I looked down and noted an airport with a massive runway on the eastern edge of Seneca Lake. The chart indicated a closed airfield at that location. Looking more carefully at the facility below, it was obviously no longer an operational airport. Web research later revealed that it was the former Sampson / Seneca Air Force Base: another entrance to the sky closed for one reason or another.
The Lycoming O-320 on the nose of my aircraft continued to purr and the instruments indicated that all was well. The controls were solid in my hands. In the distance was the city of Rochester and, beyond that, Lake Ontario. My heart was light as I directed my tiny craft through the sky, buoyed by an emotion that I cannot quite identify; as fleeting as the medium holding me aloft.
Twenty eight miles away from Le Roy, I reduced power and the Warrior's nose dipped lower in order to stay in trim. Descending at 500 feet per minute, I arrived at my home airport right at pattern altitude. My home airport is often like those I had just visited. It is not uncommon for me to be the only living soul stirring there. Thus, I was pleasantly surprised to see something from the pattern that gave me hope: a new airplane being born.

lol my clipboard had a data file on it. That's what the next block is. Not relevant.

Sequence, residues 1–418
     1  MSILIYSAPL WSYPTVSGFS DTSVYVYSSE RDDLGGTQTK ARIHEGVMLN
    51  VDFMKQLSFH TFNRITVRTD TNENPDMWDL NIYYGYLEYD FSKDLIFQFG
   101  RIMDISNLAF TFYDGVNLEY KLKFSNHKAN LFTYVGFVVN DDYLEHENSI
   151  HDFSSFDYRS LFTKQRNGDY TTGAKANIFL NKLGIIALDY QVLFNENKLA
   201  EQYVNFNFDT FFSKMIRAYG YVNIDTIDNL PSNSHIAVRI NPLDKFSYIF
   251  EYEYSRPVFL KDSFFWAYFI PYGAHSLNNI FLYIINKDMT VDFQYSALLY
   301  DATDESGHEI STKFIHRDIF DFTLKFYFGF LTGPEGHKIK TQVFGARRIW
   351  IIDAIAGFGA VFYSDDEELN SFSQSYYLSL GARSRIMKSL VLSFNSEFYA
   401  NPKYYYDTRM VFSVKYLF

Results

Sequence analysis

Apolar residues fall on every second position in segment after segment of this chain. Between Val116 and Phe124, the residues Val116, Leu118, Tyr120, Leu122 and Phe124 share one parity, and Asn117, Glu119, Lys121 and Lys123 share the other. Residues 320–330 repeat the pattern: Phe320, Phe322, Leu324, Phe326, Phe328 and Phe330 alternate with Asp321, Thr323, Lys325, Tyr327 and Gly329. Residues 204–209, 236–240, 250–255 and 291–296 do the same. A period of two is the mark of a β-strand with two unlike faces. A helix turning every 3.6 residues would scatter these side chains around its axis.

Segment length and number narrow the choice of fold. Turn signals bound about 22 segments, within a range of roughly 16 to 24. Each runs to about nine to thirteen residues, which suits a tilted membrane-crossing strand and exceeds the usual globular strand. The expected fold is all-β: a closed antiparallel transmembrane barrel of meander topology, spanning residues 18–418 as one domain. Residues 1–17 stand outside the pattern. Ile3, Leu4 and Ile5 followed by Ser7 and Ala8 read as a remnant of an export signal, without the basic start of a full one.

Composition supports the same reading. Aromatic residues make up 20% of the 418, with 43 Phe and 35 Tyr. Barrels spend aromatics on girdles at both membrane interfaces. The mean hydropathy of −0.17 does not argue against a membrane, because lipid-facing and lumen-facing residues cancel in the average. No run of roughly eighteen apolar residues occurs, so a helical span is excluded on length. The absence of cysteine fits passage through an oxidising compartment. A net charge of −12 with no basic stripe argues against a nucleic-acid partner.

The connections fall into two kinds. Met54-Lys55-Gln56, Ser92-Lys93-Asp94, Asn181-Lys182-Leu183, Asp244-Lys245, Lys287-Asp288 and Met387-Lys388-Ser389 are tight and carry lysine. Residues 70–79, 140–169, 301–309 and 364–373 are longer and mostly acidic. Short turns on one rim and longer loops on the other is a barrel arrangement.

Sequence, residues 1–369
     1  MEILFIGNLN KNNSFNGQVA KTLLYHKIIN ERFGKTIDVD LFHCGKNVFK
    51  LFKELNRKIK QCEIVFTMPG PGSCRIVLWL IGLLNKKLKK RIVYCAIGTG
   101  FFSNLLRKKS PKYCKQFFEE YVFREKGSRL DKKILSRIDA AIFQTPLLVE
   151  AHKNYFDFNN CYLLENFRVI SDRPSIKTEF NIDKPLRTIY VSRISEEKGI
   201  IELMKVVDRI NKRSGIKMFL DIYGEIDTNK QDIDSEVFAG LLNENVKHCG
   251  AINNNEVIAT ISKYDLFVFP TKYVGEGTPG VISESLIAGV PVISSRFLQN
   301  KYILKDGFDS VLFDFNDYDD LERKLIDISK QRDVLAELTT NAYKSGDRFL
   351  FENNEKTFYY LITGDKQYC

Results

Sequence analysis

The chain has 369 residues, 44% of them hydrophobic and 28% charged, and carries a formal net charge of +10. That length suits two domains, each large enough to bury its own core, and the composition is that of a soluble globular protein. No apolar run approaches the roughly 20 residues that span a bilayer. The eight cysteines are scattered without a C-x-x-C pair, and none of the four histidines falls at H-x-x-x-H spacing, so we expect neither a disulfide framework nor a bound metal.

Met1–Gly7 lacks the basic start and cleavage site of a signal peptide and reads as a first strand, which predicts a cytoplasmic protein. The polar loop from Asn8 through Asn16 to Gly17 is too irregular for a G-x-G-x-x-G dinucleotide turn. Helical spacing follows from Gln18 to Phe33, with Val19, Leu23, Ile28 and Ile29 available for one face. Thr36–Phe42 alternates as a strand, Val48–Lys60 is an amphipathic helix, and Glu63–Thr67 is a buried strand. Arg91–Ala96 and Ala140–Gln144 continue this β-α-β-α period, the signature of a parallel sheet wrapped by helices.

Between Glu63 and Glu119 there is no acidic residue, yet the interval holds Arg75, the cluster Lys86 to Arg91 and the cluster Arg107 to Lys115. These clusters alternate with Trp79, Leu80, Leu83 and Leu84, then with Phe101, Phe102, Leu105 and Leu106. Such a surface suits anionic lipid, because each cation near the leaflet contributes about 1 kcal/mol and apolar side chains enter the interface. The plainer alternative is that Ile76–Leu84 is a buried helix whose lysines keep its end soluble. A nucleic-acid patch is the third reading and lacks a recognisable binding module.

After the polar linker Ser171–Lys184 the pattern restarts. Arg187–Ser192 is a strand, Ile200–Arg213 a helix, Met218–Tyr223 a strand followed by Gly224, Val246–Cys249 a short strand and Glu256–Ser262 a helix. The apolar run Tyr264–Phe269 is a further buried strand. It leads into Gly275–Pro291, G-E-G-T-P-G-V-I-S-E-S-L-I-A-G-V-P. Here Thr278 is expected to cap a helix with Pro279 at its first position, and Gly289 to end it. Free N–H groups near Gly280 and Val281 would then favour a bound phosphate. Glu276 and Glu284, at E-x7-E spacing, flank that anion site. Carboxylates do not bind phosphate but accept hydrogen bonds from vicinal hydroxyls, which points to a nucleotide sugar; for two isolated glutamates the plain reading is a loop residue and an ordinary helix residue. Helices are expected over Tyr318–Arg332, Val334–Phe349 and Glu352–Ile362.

Dan had been building his RV-7 since before my arrival at Le Roy in November 2005. It was now sitting outside of Dan's hangar sans cowling or canopy. I landed on runway 28 and parked in front of my hangar. As I stopped the engine, I could hear the sound of another engine drawing closer. The RV emerged from the end of the row of T-hangars, circling the building in an earthbound victory loop while recording its first 0.1 hour on the Hobbs clock.
I remained in a pensive mood for the drive home. Fuel costs were more than double of what they were in 2004 when I bought the airplane. Airports that once clamored with the roar of aircraft engines were quiet, or worse, abandoned. These things tempered the sense of satisfaction I had from my wonderful morning flight. But I'll be back: to touch the controls, to float through the sky, and to experience the unique lightness in my heart that only flight seems to inspire. For me, it's still worth it.
The old saying is true: flying is freedom. Costly, over-regulated freedom perhaps, but freedom nonetheless.